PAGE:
Spinach leaves contain multiple pigments. Among these are chlorophyll a and chlorophyll b, beta-carotene and xanthophylls, all of which are photosynthetic pigments, meaning they can absorb light as part of photosynthesis. You might have wondered why spinach plants can't just manage with a single pigment and thereby save themselves the trouble of making more. As it happens, however, each pigment has certain advantages that ultimately mean they work better together.
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Each pigment only absorbs certain wavelengths of light -- that's why they have different colors. Chlorophylls, for example, reflect most of the green light that strikes them, so the spinach leaves have a green color. While pretty, this feature is also a disadvantage in some ways because the spinach can't make use of the green light for photosynthesis if it uses only chlorophyll. White light and sunlight are a mixture of many different wavelengths, so the spinach would ideally like to make use of as many of these as possible.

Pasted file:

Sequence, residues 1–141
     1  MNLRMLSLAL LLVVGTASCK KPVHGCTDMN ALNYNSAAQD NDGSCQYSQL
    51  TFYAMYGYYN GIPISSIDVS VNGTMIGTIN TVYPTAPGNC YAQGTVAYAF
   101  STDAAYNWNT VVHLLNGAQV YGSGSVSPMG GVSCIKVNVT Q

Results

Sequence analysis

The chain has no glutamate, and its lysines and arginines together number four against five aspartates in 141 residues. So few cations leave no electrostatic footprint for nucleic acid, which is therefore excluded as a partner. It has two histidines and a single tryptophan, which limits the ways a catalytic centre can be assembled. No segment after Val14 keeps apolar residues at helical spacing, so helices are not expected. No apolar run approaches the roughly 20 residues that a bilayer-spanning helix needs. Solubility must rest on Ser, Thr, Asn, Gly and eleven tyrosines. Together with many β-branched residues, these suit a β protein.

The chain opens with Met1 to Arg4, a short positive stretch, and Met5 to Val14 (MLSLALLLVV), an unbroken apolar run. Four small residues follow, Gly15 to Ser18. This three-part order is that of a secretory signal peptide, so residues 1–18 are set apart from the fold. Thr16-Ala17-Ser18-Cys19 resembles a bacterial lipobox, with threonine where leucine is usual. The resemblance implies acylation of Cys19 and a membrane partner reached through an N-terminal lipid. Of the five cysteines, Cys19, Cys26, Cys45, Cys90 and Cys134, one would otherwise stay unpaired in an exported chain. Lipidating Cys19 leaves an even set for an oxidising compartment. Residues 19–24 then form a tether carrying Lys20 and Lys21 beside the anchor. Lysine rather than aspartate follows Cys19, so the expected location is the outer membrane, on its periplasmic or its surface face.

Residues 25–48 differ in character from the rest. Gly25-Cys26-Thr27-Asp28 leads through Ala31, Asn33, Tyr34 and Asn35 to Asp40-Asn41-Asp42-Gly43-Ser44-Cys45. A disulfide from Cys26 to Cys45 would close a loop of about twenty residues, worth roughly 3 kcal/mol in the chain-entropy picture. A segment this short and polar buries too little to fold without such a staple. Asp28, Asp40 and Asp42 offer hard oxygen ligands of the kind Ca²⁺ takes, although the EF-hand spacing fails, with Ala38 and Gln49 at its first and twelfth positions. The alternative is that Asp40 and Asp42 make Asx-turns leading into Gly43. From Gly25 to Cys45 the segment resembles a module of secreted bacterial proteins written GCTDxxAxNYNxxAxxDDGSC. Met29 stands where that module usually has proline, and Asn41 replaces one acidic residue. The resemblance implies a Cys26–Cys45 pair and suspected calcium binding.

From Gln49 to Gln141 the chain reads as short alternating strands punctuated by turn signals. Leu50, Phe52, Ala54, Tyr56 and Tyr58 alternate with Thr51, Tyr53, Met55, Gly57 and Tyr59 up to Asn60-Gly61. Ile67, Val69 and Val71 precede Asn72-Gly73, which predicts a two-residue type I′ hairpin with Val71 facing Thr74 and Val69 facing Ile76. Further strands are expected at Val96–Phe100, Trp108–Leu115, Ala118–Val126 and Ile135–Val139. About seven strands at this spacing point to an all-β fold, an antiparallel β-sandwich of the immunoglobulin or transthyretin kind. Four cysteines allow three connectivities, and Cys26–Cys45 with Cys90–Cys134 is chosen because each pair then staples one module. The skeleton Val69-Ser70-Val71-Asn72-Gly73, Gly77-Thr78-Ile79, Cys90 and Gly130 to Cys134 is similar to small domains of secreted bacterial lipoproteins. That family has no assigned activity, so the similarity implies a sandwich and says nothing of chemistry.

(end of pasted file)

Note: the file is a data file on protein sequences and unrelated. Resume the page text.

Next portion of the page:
If you plotted the fraction of light energy absorbed as a function of the wavelength of the light, you'd have a graph with peaks to mark wavelengths where each pigment absorbs light very efficiently and troughs to show where they don't absorb it at all. From this graph, you would see that chlorophyll a and b absorb very well in the blue and red regions of the spectrum, but not in between. That's where the other spinach pigments come in. These secondary pigments are sometimes called accessory pigments.
The accessory pigments in the spinach help to cover regions of the spectrum where chlorophylls offer insufficient absorption. Beta-carotene, for example, is an orange-colored pigment that absorbs well at wavelengths between 460 and 550 nanometers, slightly below the peak for chlorphyll b. Other carotenoids such as lutein absorb in a similar region of thte spectrum. Xanthophylls are yellow in color and absorb well in the 400 to 530 nm region, thereby extending the range of wavelengths the plant can use effectively.
Despite these accessory pigments, spinach still can't use most of the light in the green-yellow region of the spectrum, which is why spinach leaves have a lovely dark green color. The same is true of most other plants. Some algae and cyanobacteria have accessory pigments that effectively absorb light in the green-yellow region of the spectrum like phycobilins; spinach and most other plants, however, lack this convenience.